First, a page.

Is 20 million I/Ops possible on a desktop?
This is a write up for a future video from Level1techs and currently a place I’m gathering my numbers and tests. Work in process. Video soon! Probably around the first week of May 2021
Threadripper Pro to the rescue! Maybe!
We’re talking about random reads. Just a few years ago, regular NAND flash would top out at about 400,000 I/Ops per device, and most devices were more in the 250-350k range.
These days with top-end drives we’re seeing more. Much More.
Of course Intel is at the top end with it’s just recently released P5800x. However the cost per unit storage is astronomical as compared with NAND (and they do not use NAND storage under the hood).
# Intel Optane P5800X, 6 Threads, I/O Monster ... fio-3.21 Starting 6 processes Jobs: 6 (f=6): [r(6)][100.0%][r=1264MiB/s][r=2588k IOPS][eta 00m:00s] onessd: (groupid=0, jobs=6): err= 0: pid=210497: Thu Apr 29 22:30:56 2021 read: IOPS=2589k, BW=1264MiB/s (1326MB/s)(37.0GiB/30001msec) bw ( MiB/s): min= 1244, max= 1282, per=100.00%, avg=1266.10, stdev= 1.47, samples=354 iops : min=2547804, max=2626604, avg=2592965.76, stdev=3016.38, samples=354 cpu : usr=18.51%, sys=60.26%, ctx=504, majf=0, minf=36 IO depths : 1=0.1%, 2=0.1%, 4=0.1%, 8=0.1%, 16=0.1%, 32=100.0%, >=64=0.0% submit : 0=0.0%, 4=100.0%, 8=0.0%, 16=0.0%, 32=0.0%, 64=0.0%, >=64=0.0% complete : 0=0.0%, 4=100.0%, 8=0.0%, 16=0.0%, 32=0.1%, 64=0.0%, >=64=0.0% issued rwts: total=77674292,0,0,0 short=0,0,0,0 dropped=0,0,0,0 latency : target=0, window=0, percentile=100.00%, depth=32 Run status group 0 (all jobs): READ: bw=1264MiB/s (1326MB/s), 1264MiB/s-1264MiB/s (1326MB/s-1326MB/s), io=37.0GiB (39.8GB), run=30001-30001msec Disk stats (read/write): nvme0n1: ios=77343935/0, merge=0/0, ticks=375255/0, in_queue=375255, util=99.98%
It has sequential read speeds of 7.8 gigabytes per second and random queue depth 1 reads are about an order of magnitude faster than the fastest nand-flash based device (under heavy loads). That translates to about 2.5 million IOPs in the best case scenario (!!!) on the 800gb model that I ordered.
Of course, it was also pricey, at around $1.50 per gigabyte.
If just one drive gets us 10% of the way there – imagine what could be done with ten of these drives! But (nervous chuckles) Level1 isn’t doing that well! This is CrazyTown Expensive. Use Sparingly!
Great for SLOGS, great for write cache, great for SQL transaction logs. But, like salt, don’t over do it or you’ll have a heart attack.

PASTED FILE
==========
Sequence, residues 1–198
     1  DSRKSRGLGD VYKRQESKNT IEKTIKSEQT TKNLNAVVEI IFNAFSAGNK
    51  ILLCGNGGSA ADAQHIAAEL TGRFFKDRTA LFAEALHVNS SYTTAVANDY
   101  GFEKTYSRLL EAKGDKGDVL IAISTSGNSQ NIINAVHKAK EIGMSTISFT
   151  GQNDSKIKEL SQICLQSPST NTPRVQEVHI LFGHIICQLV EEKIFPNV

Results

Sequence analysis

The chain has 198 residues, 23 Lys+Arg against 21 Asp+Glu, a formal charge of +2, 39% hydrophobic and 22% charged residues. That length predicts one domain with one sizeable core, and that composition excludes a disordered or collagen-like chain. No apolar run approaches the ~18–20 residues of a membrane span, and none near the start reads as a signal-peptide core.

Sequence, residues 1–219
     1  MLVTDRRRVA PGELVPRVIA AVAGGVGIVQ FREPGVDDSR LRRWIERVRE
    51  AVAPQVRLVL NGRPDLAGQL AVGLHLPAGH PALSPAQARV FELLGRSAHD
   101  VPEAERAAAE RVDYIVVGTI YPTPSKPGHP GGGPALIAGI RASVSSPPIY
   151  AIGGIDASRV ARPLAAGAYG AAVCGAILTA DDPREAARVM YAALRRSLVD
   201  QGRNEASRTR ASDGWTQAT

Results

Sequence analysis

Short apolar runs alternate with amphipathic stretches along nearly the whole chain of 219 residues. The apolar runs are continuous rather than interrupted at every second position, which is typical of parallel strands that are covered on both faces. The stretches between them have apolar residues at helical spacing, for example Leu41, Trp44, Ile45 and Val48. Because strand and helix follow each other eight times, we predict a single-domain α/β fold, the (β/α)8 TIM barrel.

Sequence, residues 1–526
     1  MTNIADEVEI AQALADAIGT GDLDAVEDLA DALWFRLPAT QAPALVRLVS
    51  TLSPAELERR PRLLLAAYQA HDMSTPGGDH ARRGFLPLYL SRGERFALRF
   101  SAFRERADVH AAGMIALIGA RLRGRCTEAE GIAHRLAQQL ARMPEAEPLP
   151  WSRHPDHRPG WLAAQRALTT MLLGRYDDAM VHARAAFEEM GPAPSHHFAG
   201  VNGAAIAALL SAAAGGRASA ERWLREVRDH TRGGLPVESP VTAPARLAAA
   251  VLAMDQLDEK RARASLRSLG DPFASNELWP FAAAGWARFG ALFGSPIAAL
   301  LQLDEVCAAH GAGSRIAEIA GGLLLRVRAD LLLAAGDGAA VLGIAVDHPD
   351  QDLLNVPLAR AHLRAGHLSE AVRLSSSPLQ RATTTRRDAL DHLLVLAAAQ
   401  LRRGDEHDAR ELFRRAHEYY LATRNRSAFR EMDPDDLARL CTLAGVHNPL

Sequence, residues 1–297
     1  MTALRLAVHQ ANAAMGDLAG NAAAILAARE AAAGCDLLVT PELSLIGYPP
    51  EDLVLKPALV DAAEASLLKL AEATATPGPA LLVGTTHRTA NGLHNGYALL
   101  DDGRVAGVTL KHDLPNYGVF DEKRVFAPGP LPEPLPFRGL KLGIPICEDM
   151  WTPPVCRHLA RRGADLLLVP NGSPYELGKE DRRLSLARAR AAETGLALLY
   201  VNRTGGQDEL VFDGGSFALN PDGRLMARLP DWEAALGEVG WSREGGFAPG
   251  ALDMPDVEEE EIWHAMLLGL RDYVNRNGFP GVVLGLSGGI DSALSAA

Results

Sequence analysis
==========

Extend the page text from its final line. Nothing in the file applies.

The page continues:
# Kioxia CM6-v onessd: (g=0): rw=randread, bs=(R) 512B-512B, (W) 512B-512B, (T) 512B-512B, ioengine=io_uring, iodepth=32 ... fio-3.21 Starting 4 processes Jobs: 4 (f=4): [r(4)][100.0%][r=695MiB/s][r=1424k IOPS][eta 00m:00s] onessd: (groupid=0, jobs=4): err= 0: pid=230113: Thu Apr 29 23:00:46 2021 read: IOPS=1423k, BW=695MiB/s (729MB/s)(20.4GiB/30001msec) bw ( KiB/s): min=707939, max=715554, per=100.00%, avg=712508.44, stdev=488.95, samples=236 iops : min=1415878, max=1431108, avg=1425016.85, stdev=977.89, samples=236 cpu : usr=14.22%, sys=65.89%, ctx=375, majf=0, minf=22 IO depths : 1=0.1%, 2=0.1%, 4=0.1%, 8=0.1%, 16=0.1%, 32=100.0%, >=64=0.0% submit : 0=0.0%, 4=100.0%, 8=0.0%, 16=0.0%, 32=0.0%, 64=0.0%, >=64=0.0% complete : 0=0.0%, 4=100.0%, 8=0.0%, 16=0.0%, 32=0.1%, 64=0.0%, >=64=0.0% issued rwts: total=42693560,0,0,0 short=0,0,0,0 dropped=0,0,0,0 latency : target=0, window=0, percentile=100.00%, depth=32 Run status group 0 (all jobs): READ: bw=695MiB/s (729MB/s), 695MiB/s-695MiB/s (729MB/s-729MB/s), io=20.4GiB (21.9GB), run=30001-30001msec Disk stats (read/write): nvme11n1: ios=42501644/0, merge=0/0, ticks=3614651/0, in_queue=3614651, util=99.87%
I only have exactly one CM6 drive from Kioxia. It’s fast.
They can manage about 1.3-1.4 million random read IOPs, per drive (depending on capacity), under the most ideal conditions. This is class-leading speed for NAND. And they’re around 40-50 cents per gigabyte (in large capacities), which makes them ideal for bulk storage.
I also have several CD6 and CM5 from Kioxa – these are more bulk-storage oriented parts. I borrowed a few of these drives from Kioxia. We can expect them to operate around 770k iops.
We might not be able to hit 2 million i/ops per device, but we can make up for that with the sheer number of devices.